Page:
foreach line,i in lines
  file y <sprintf("out-%i.txt",i)> = f(line);

Note that each /bin/echo is eligible to run concurrently. See Invocation for how to run with many processes.

3. Swift/T for cluster users

It’s easy to launch these kinds of workloads on a cluster.

If using a plain host list:

File: mtc/hosts.txt

Just run with:

stc mtc1.swift
turbine -f hosts.txt -n 4 mtc1.tic

As shown, turbine accepts an MPI hosts file and number of processes, just like mpiexec.

A shorter, equivalent form of that command sequence is:

swift-t -t f:hosts.txt -n 4 mtc1.swift

On a PBS system, run with:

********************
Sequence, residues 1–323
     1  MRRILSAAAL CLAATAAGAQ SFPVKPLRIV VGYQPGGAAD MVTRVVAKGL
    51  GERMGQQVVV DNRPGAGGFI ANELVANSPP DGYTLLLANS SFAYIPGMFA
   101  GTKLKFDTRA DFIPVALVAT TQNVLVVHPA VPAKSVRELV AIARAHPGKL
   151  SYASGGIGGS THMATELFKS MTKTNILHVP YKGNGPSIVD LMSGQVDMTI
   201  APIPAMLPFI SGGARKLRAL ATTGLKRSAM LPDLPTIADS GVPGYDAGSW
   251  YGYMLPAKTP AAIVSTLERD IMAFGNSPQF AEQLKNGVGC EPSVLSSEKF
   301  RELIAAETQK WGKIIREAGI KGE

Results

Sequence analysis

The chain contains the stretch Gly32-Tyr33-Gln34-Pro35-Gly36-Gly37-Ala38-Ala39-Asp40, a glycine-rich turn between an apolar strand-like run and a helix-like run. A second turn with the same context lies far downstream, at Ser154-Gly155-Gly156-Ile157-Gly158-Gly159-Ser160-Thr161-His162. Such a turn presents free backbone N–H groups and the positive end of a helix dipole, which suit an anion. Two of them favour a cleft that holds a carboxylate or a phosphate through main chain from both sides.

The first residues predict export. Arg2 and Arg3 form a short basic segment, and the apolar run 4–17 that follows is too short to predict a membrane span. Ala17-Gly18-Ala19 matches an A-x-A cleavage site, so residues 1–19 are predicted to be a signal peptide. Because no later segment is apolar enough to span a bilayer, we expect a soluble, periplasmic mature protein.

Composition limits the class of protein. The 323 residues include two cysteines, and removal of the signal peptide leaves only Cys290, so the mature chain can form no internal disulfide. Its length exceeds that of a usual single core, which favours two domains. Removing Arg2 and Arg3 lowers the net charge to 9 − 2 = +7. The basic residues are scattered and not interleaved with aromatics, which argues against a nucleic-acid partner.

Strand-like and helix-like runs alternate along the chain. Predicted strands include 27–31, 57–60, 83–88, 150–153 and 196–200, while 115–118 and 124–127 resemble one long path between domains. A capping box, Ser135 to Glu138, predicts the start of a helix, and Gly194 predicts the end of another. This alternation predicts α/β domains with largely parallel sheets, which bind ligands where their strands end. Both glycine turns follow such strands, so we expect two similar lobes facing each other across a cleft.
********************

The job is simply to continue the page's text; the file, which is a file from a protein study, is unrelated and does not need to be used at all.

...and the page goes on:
swift-t -m pbs -n 4 mtc1.swift

Many other systems are supported!

4. Swift/T for MapReduce users

A simplified version of the MapReduce model is to just compute many things and assemble them together at the end.

This script splits itself into lines, then reassembles the original script.

File: mtc/mtc3.swift

import files;
import string;
import unix;

app (file o) g(string s)
  "/bin/echo" s @stdout=o;

string lines[] = file_lines(input("mtc3.swift"));
file fragments[];
foreach line,i in lines
  file y <sprintf("out-%i.txt",i)> = g(line);
  fragments[i] = y;
file result <"assembled.txt"> = cat(fragments);

Note that leading whitespace is trimmed by file_lines(), and cat() is part of the Swift/T standard library in module unix.

5. Swift/T for recursive algorithms

5.1. Fibonacci

This script computes the given Fibonacci number:

File: fib/fib.swift

import sys;

(int o) fib(int i)
  if (i >= 2)
    o = fib(i-1) + fib(i-2);
  else if (i == 1)
    o = 1;
    o = 0;

int n = toint(argv("n"));